Classifying humans by movement

Photo by rawpixel on Unsplash

Planning an appropriate path around people is only part of the story. Prior research indicates that the speed and direction of movement, both of people and of the robot, are important factors in human-robot interaction. We need to investigate both the detection and classification of the movements of people.

The packages we use for people detection also manage people tracking, in turn populating data structures of people and their positions. Therefore our goal is to classify the behavior of people around the robot based on their movement. Our aim is to determine what level of classification is important to the range of social tasks the robot is attempting. For example, the work of Kanda et al. determines which people are best to approach to present promotional material. Rather than such task-specific classification, we propose a higher-level classification using labels such as “hurrying”, “standing”, “sitting”, and “meandering”, in conjunction with gross level directional labels, such as “toward”, “away”, and “crossing”. It is our contention that these labels on human movement will be sufficient for higher level processes to make a determination of the best people to approach, or people who are likely to approach the robot themselves, such that the robot can prepare for such an event by turning toward the person, for instance.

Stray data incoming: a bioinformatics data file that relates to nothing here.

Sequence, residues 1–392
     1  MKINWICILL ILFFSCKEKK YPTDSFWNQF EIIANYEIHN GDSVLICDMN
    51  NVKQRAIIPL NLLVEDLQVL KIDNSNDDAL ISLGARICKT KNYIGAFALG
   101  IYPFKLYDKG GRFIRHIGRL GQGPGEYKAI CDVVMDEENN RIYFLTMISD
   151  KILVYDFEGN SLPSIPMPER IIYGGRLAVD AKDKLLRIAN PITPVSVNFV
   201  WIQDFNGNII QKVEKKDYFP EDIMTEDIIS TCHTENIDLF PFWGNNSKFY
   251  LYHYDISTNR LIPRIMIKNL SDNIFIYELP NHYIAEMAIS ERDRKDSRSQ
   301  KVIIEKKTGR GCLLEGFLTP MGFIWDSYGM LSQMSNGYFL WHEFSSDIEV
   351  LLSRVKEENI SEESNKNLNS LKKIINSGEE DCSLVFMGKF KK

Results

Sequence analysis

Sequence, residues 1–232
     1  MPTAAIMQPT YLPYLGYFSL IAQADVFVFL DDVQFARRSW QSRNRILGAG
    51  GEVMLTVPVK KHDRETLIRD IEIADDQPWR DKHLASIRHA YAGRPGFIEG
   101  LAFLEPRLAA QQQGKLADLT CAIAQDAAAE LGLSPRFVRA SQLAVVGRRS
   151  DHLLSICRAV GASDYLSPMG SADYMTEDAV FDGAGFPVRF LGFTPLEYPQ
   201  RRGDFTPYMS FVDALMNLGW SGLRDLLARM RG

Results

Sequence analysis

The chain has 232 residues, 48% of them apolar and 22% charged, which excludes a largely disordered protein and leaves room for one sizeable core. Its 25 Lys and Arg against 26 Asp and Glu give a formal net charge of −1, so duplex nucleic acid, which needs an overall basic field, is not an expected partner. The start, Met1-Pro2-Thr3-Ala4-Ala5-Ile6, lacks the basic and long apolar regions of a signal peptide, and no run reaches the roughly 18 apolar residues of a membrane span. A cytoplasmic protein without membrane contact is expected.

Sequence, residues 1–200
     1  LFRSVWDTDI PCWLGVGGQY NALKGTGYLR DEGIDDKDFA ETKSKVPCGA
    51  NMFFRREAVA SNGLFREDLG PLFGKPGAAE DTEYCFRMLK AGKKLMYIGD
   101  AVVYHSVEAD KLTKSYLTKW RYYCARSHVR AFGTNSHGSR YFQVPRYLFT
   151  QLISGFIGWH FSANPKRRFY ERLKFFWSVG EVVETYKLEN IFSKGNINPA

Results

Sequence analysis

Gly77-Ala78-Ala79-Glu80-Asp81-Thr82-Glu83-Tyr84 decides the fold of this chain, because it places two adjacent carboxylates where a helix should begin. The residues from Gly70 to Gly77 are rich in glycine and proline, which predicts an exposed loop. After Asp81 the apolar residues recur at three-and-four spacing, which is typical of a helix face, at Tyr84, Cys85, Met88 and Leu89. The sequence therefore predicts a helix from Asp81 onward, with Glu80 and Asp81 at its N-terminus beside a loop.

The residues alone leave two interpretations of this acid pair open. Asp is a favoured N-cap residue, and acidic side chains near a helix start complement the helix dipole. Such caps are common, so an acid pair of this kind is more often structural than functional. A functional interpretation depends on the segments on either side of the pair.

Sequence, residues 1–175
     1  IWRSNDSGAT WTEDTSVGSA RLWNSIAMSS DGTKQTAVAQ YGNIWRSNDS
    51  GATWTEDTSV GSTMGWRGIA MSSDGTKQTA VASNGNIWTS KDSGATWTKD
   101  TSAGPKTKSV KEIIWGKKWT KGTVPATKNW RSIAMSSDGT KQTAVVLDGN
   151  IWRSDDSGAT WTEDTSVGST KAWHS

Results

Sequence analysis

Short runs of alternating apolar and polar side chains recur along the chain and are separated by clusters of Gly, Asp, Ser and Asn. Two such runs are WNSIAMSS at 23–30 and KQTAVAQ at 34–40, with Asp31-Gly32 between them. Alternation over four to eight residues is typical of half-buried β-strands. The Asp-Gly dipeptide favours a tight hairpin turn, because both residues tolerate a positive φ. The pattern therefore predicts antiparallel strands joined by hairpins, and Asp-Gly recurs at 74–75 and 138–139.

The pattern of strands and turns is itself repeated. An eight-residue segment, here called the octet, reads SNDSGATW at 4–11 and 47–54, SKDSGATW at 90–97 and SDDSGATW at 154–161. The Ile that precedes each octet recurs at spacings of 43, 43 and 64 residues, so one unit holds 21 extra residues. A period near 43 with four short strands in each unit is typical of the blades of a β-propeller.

For in-lab scenarios, we can cross-reference models of detection of people with our motion capture data, as ground truth data.

Nick Webb
Associate Professor of Computer Science / Director of Data Analytics

My research interests include Natural Language Processing, Social Robotics and Data Analytics.